This collection investigates to ignore the original features of menswear garment and recreate original features of menswear garment. The collection investigates on sculptural art works of the imagination and creativity to redefine ways of wearing garment and its functionality.

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Thomas Cox looked into how and why stereotypical homosexual men appear to be less intimidating and less of a physical threat to society but to the church and religion are considered a physical threat.

Historically and still in some cases today the church do not accept people who are different and do not fit into their tightly restrained world that is governed by rules and commandments. These men are therefore trapped by the vision society has of them in the cage they are forced into by the church.

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Vee Hayward’s AW19 collection ‘Untitled’ focuses on an exploration of form, shape and silhouette. Her initial starting point stemmed from the works of artists such as Agnes Jones, Rene Magritte, Georgio De Chirico and sculptor by Max bill. The Varying translations of surrealism and the fluidity of communication between textile and the human form, as well as juxtaposing sources of inspiration with design features present a reoccurring theme within the collection.

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Vols & Original’s inspiration comes from the desire of two souls sharing their passion for fashion, art and music with the world. Vols & Original founders Bart and Natalia, combine their backgrounds in music and fashion marketing to create a strong and edgy brand. Bespoke tailoring along with the duo’s passion for music and craftsmanship, are the core identities of the brand.

At the core of Vols & Original, is an inseparable design process where creation and music blend to shape the mood and rhythm of every piece.

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Dubbed “Little Prince” (after the famed fable of childhood innocence suitable for all ages with its underlying philosophical treatise) there is no better name for Xiao Zhu’s first collection, which probes into the fragile friction between adulthood and childhood perception.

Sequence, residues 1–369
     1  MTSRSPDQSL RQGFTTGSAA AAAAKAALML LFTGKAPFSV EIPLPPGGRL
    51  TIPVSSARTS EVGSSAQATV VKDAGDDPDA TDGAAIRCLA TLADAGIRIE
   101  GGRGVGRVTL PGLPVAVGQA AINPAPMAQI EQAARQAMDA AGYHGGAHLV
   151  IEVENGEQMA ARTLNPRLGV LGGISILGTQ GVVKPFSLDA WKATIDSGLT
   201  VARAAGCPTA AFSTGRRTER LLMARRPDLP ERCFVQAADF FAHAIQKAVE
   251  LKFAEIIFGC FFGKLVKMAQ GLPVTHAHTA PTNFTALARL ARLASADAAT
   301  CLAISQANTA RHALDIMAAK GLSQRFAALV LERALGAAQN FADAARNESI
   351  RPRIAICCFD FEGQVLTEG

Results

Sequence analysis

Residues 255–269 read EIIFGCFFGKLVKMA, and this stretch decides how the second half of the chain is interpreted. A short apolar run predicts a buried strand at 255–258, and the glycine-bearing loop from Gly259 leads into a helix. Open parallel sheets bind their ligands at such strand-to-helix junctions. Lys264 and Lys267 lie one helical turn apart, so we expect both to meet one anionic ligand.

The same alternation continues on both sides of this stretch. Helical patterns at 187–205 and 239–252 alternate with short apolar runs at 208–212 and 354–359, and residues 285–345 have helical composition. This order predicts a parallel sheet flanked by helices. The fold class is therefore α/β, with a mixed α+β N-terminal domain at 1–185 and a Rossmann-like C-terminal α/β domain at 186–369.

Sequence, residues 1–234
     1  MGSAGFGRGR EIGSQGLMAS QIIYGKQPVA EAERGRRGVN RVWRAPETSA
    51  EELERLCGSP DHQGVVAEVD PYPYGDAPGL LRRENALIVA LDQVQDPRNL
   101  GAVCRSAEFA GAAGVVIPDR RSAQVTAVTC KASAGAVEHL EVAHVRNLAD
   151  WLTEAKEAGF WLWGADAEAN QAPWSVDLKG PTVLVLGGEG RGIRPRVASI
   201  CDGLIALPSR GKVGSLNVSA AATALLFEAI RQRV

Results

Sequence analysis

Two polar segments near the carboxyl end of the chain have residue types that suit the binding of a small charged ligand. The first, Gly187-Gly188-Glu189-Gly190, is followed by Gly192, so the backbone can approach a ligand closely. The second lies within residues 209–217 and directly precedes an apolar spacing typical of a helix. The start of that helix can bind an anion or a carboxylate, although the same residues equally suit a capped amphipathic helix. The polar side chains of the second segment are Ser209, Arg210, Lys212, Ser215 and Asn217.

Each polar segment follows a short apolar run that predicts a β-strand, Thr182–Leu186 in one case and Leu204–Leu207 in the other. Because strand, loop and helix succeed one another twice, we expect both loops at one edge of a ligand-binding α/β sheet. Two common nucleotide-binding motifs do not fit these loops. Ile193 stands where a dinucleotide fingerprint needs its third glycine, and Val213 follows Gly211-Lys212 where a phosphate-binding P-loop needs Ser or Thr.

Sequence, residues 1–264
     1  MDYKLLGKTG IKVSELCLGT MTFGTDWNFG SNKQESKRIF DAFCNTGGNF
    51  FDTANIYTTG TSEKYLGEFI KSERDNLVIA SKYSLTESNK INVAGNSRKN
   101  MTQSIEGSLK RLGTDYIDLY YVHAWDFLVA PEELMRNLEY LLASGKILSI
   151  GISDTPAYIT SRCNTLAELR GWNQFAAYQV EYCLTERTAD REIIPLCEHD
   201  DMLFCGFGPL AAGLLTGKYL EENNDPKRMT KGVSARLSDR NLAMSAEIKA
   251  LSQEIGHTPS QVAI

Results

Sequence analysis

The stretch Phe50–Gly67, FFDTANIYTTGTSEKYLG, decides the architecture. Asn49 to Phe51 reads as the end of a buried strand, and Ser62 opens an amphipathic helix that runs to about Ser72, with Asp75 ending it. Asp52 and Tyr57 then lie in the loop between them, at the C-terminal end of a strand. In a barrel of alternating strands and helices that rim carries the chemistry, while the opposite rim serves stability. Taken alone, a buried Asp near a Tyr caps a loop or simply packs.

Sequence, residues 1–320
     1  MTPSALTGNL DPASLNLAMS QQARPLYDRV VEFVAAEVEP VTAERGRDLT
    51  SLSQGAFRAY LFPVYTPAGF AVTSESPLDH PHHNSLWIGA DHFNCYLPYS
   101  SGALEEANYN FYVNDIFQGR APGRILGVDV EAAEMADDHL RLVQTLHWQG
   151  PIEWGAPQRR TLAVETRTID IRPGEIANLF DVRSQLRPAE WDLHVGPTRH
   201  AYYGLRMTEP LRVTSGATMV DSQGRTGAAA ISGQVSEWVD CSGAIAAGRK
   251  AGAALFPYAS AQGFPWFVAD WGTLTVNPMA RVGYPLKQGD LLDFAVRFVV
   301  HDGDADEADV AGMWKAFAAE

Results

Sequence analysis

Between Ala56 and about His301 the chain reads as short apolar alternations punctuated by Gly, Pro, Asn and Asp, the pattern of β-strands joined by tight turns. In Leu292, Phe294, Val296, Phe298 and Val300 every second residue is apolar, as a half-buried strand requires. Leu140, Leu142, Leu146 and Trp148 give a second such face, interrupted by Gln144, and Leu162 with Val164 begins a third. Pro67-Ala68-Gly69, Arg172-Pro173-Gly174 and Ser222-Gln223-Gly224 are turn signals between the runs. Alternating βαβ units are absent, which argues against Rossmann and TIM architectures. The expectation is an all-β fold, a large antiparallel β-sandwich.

Through the view of both lenses, her designs take inspiration from kid’s drawings and childhood toys reinvented for adult appropriate dress. Bright, vivid colours were selected as backdrops to playful prints, building block inspired shapes and childlike scribbles. LEGO pieces were used to create whimsical accessories such as sunglasses, handbags and hats whilst some pieces were simultaneously applied as embellishments.

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Nigerian designer, Yingi Goma’s graduate menswear collection draws inspirations from a street vendor in Nigeria. By viewing the African country with a third eye, she captures her Lagos car ride experience, the lifestyle and environment.

There is a mix of unusual garment fabrics such as tech net, plastic and hessian; shapes and oversized silhouettes. Draw cords passed through button holes, Detachable bags and draw string sack-like shapes that reference items street hawkers carry on their body. The use of embroidery and print for text reference is a key aspect that brings curiosity to the collection.

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ALL OR NOTHING graduate collection was inspired by Zlata’s experience in the UK where she had to either make it or go back home. To show her values and heritage Zlata used the Russian language to express the notion of ALL OR NOTHING, which translates as ВСЁ ИЛИ НИЧЕГО.

The silhouette and gender-neutral designs were inspired and developed through the exploration of kimono, a traditional Japanese garment. The notion of Eastern pattern cutting was explored and compared to the Western approach. Creating the space between the body and garment allowed the wearer to move and interact with the garments.